This story tells us that after 42 years in Canaan, Abraham still don’t own any part of the Promised Land. He calls himself an “alien and a stranger” because after all those years that’s how he felt. Most Americans take things like home ownership for granted. Either we own a home or hope to someday. Not Abraham. He is an old man now, having lived through so many crisis situations. He had left prosperity in Ur of the Chaldees for an unknown future. Forty-two years later what does he have that he can call his own? The clothes on his back and not much else. He doesn’t even own a burial plot. That’s why he’s got to haggle with the Hittites. Hebrews 11:9 reminds us that “by faith he made his home in the promise land like a stranger in a foreign country; he lived in tents, as did Isaac and Jacob, who were heirs with him of the same promise.” If there were any skeptics around when Sarah died, I’m sure they could be heard laughing in the distance. Ever since Ur Abraham had followed his God, and what had it gotten him? Not even a place to bury his wife. So now he bargains with the Hittites.
Burial Plans Matter
At first the Hittites offered to give Abraham their choicest cave as a gift since he was “a mighty prince.” But Abraham refused, partly because he understood that in Middle Eastern terms, the offer might simply have been expected hospitality with the proper response being, “Oh no, let me pay for it.” More than that, Abraham wanted a plot of land he owned so that he could lay Sarah to rest in peace and dignity.
I stop at this point to make the observation that burial plans ought to matter to the people of God. This is more than just sentiment to Abraham. Burying his wife was also a statement of his faith that someday his descendants would possess the land. God had promised it and though the fulfillment lay in the distant future, Abraham is fully convinced that God would keep his word.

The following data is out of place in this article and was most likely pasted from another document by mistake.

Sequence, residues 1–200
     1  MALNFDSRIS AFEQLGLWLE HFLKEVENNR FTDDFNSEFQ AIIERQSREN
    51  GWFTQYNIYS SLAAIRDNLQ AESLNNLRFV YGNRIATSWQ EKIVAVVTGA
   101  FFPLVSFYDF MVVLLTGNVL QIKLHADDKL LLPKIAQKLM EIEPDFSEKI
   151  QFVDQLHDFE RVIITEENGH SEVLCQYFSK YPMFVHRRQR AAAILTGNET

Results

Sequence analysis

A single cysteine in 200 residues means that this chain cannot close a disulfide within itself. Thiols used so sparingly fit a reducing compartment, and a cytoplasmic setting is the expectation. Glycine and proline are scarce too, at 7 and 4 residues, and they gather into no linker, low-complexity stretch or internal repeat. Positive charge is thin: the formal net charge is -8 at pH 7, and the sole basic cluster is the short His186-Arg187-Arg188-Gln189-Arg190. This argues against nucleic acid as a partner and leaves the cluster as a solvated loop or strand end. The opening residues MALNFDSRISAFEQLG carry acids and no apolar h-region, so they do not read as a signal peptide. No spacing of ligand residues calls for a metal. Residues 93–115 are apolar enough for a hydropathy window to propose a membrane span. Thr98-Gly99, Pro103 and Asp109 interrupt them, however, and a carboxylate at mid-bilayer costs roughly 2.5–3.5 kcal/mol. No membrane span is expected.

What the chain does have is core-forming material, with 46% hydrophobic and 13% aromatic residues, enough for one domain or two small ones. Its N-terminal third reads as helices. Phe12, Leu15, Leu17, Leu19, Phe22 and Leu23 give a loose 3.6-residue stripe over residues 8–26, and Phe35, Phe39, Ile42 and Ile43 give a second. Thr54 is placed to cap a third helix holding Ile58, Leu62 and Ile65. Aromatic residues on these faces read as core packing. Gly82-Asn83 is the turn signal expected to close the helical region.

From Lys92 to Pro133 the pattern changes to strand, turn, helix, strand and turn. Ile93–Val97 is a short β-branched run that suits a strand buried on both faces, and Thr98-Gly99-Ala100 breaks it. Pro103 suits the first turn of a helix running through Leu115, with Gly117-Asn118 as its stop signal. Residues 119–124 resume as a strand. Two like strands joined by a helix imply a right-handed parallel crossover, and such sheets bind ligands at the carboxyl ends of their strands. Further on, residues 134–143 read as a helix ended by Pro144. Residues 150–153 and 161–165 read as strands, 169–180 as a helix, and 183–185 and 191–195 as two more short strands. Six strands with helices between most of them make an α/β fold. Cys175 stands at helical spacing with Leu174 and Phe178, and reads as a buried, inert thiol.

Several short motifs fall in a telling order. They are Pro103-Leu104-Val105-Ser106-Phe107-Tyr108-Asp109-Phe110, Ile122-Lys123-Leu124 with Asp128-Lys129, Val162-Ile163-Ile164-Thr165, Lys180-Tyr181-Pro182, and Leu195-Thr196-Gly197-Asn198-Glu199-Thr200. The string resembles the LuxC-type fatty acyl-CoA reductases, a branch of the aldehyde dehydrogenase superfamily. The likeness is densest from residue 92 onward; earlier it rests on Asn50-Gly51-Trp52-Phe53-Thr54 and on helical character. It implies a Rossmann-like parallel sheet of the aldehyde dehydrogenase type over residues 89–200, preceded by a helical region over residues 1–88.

Have you considered where you will be buried? Have you drawn up a will? Do you loved ones know of your wishes? Have you thought about what you want said or sung at your funeral service? These questions are important and ought to be discussed openly.
Let Make a Deal
The next few verses describe the negotiations between Ephron, leader of the Hittites and Abraham the man of God:
Ephron the Hittite was sitting among his people and he replied to Abraham in the hearing of all the Hittites who had come to the gate of his city. ‘‘No, my lord,” he said. ‘‘Listen to me; I give you the field, and I give you the cave that is in it. I give it to you in the presence of my people. Bury your dead.” Again Abraham bowed down before the people of the land and he said to Ephron in their hearing, ‘‘Listen to me, if you will. I will pay the price of the field. Accept it from me so I can bury my dead there.” Ephron answered Abraham, ‘‘Listen to me, my lord; the land is worth four hundred shekels of silver, but what is that between me and you? Bury your dead.” Abraham agreed to Ephron’s terms and weighed out for him the price he had named in the hearing of the Hittites: four hundred shekels of silver, according to the weight current among the merchants. So Ephron’s field in Machpelah near Mamre—both the field and the cave in it, and all the trees within the borders of the field—was deeded to Abraham as his property in the presence of all the Hittites who had come to the gate of the city. Afterward Abraham buried his wife Sarah in the cave in the field of Machpelah near Mamre (which is at Hebron) in the land of Canaan. So the field and the cave in it were deeded to Abraham by the Hittites as a burial site” (vv. 10-20).